“I think it’s something that needs to be done,” he said. He added that the irrigators in Sub-district #1 have been paying their fees for six years. “I think it’s only fair that the rest of us pay our share.”
Vandiver testified about his work with the Rio Grande Water Conservation District, from which he retired in 2016, as well as his long-time service with the Colorado Division of Water Resources first as a hydrographer and then as division engineer. He testified about changes in water levels and availability. For example, he said the 1980’s provided “some of the highest continuous years we have experienced in the San Luis Valley.”
He said although those years provided “interesting challenges”, “I would give anything to see them again.”
Vandiver also spoke about water-related changes. For example, sprinkler systems have replaced other means of irrigation, and numerous artesian wells have been capped, resulting in savings of about 45,000 acre feet of water annually.
Vandiver testified about Rio Grande Compact administration, specifically curtailing ditches that would have otherwise received water in priority so water could be sent downstream to meet compact obligations to downstream states.
Like Coombs, Vandiver recognized a downward trend in water supplies in the Valley.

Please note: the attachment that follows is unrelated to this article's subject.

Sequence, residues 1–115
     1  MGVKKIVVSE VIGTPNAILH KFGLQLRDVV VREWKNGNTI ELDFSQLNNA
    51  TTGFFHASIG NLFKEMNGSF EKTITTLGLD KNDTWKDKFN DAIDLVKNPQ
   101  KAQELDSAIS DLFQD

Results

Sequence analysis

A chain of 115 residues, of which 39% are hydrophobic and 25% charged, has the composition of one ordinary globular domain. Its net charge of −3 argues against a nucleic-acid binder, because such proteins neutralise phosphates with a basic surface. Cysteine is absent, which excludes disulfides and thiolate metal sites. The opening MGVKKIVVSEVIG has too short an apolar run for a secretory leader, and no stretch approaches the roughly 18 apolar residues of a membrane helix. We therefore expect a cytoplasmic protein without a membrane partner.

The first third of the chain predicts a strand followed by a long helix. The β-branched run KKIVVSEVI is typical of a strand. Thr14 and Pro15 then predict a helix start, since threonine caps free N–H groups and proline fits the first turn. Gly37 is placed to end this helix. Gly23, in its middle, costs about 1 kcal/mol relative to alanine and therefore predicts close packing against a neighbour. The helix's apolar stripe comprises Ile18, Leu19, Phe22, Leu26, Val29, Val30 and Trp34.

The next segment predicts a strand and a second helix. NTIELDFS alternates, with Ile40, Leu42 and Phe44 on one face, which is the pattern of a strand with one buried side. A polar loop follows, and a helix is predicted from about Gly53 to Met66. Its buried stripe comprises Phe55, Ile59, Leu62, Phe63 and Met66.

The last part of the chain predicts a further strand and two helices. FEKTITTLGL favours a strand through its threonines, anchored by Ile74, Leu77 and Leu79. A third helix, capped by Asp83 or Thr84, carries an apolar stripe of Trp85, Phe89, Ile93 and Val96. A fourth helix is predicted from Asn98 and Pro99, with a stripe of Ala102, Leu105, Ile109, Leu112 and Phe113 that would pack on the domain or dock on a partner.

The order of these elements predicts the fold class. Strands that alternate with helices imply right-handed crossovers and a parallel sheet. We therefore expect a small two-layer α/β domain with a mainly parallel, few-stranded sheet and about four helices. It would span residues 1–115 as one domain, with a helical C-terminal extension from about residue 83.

“There’s certainly good years and good periods of time, but generally the water supply throughout the Valley is going down,” Vandiver said.
The final witness on Tuesday, who will resume testimony today, was hydrogeologist Eric Harmon. He shared the process for developing the Rio Grande Decision Support System, the groundwater model that is one of the challenged features in this trial.
Harmon’s firm has been involved with developing the model since the beginning, and even before that with a feasibility study.
He said those involved with developing the groundwater model wanted it to be “very data driven” and flexible so that when new data was available, it could be refined and updated.
The model has gone through phases of development, Harmon said. “We are now embarking on phase seven.”
Harmon described how the model changed over time and how those involved in its development gathered new information to make it stronger. A peer review team, which is open to anyone who wants to attend, continues to critique the model.
“It was an open process … highly iterative process,” Harmon said, “open ended because there is no real end where we wanted to refine the model to. We would go where the data led us.”
Caption: From left are attorney Peter Ampe, Steven Vandiver and Michael Sullivan during a break of the groundwater rules trial in Alamosa. The trial begins its third day today and could last up to a month.